Coeliac disease

celiac diseasecoeliacceliacceliac spruespruecoeliac sprueCDCeliac disease (coeliac disease)celiac diseasesceliacs
Coeliac disease or celiac disease is a long-term autoimmune disorder that primarily affects the small intestine.wikipedia
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Malabsorption

malabsorption syndromeintestinal malabsorptionmalabsorption of nutrients
Classic symptoms include gastrointestinal problems such as chronic diarrhoea, abdominal distention, malabsorption, loss of appetite and among children failure to grow normally. Anaemia may develop in several ways: iron malabsorption may cause iron deficiency anaemia, and folic acid and vitamin B 12 malabsorption may give rise to megaloblastic anaemia.
However, generalized malabsorption of multiple dietary nutrients develops when the disease process is extensive, thus disturbing several digestive and absorptive processes, as occurs in coeliac disease with extensive involvement of the small intestine.

Diarrhea

diarrhoeadiarrheal diseaseschronic diarrhea
Classic symptoms include gastrointestinal problems such as chronic diarrhoea, abdominal distention, malabsorption, loss of appetite and among children failure to grow normally.
These include lactose intolerance, irritable bowel syndrome, non-celiac gluten sensitivity, celiac disease, inflammatory bowel disease, hyperthyroidism, bile acid diarrhea, and a number of medications.

Wheat

cornTriticumdwarf wheat
Coeliac disease is caused by a reaction to gluten, a group of various proteins found in wheat and in other grains such as barley and rye.
In a small part of the general population, gluten – the major part of wheat protein – can trigger coeliac disease, noncoeliac gluten sensitivity, gluten ataxia, and dermatitis herpetiformis.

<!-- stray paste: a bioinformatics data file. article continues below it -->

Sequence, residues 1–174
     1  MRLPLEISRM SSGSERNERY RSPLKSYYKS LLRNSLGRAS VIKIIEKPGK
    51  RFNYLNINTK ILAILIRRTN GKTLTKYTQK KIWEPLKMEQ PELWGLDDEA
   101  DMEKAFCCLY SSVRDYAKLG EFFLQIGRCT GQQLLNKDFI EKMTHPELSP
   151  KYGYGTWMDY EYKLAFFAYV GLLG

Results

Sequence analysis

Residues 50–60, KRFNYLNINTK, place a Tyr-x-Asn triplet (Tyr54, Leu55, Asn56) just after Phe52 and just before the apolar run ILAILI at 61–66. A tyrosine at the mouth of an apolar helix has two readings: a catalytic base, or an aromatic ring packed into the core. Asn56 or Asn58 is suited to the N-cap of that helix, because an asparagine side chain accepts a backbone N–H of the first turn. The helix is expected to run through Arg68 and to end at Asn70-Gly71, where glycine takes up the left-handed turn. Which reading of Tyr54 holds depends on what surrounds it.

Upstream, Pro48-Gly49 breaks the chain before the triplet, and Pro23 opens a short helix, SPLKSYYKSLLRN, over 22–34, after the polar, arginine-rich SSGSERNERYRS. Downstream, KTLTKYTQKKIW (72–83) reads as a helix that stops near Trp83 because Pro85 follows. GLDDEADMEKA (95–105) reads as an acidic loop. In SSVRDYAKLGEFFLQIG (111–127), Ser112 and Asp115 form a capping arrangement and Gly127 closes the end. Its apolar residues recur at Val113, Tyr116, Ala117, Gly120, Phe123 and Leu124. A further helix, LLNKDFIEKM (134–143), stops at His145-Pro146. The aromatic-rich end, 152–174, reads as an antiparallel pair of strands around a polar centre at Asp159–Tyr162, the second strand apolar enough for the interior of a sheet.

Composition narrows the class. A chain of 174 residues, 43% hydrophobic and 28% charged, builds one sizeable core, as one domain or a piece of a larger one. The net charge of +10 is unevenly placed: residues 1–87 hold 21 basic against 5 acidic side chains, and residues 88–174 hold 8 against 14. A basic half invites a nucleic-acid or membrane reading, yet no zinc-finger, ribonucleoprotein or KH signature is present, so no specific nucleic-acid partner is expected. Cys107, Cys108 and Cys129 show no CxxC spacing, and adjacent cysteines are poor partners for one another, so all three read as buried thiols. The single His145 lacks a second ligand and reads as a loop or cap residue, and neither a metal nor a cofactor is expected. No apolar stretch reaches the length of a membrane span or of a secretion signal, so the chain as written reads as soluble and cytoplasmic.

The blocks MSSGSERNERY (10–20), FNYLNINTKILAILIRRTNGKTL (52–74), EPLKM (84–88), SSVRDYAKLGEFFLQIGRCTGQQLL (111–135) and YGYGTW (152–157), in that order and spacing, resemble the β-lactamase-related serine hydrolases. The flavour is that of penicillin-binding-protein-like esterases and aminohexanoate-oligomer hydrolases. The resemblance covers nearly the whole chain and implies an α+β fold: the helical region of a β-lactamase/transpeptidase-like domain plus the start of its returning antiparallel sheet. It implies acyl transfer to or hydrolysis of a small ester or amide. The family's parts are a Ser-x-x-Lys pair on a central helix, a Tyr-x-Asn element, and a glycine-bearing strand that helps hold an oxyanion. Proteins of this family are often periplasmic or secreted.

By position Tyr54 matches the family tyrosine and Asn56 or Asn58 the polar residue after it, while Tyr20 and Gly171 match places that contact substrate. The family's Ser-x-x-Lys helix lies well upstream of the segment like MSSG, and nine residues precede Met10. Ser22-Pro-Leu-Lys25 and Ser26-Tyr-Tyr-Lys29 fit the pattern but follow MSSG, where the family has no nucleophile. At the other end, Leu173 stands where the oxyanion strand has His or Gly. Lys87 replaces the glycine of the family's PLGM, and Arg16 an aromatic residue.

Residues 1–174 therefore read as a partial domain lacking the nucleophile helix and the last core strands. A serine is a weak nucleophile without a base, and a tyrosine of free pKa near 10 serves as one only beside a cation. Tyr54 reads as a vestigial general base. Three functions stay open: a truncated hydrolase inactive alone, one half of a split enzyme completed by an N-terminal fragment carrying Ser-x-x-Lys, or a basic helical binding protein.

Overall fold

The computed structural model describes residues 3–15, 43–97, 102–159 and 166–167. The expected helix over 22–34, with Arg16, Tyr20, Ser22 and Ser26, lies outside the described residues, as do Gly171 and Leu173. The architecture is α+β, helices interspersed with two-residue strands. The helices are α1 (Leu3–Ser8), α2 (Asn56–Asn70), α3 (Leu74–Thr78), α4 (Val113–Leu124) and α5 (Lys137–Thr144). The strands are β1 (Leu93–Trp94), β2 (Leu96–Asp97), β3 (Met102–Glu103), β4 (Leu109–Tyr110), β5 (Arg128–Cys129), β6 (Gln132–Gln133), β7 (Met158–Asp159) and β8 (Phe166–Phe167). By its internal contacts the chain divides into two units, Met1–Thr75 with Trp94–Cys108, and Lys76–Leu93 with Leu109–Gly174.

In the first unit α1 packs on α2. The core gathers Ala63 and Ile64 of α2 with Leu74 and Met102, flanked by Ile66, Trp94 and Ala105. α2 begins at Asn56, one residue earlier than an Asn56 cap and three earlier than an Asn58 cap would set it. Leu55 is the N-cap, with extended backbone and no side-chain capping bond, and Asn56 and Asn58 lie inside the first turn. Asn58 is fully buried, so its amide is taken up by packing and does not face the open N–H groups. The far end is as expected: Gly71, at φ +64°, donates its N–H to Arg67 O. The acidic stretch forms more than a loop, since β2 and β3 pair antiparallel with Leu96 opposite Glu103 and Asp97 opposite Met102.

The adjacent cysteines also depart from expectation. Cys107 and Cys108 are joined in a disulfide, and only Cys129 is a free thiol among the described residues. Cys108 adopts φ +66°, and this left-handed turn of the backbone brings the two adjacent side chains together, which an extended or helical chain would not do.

Gluten-free diet

gluten-freegluten freegluten free diet
The only known effective treatment is a strict lifelong gluten-free diet, which leads to recovery of the intestinal mucosa, improves symptoms and reduces risk of developing complications in most people.
Gluten causes health problems for those with gluten-related disorders, including coeliac disease (CD), non-coeliac gluten sensitivity (NCGS), gluten ataxia, dermatitis herpetiformis (DH), and wheat allergy.

Irritable bowel syndrome

IBSbowelirritable bowel
Frequently, the symptoms are ascribed to irritable bowel syndrome (IBS), only later to be recognised as coeliac disease; a small proportion of people with symptoms of IBS have underlying coeliac disease, and screening for coeliac disease is recommended for those with IBS symptoms.
Other conditions that may present similarly include celiac disease, microscopic colitis, inflammatory bowel disease, bile acid malabsorption, and colon cancer.

Lactose intolerance

lactose intolerantlactose-intolerantlactase deficiency
As the bowel becomes more damaged, a degree of lactose intolerance may develop.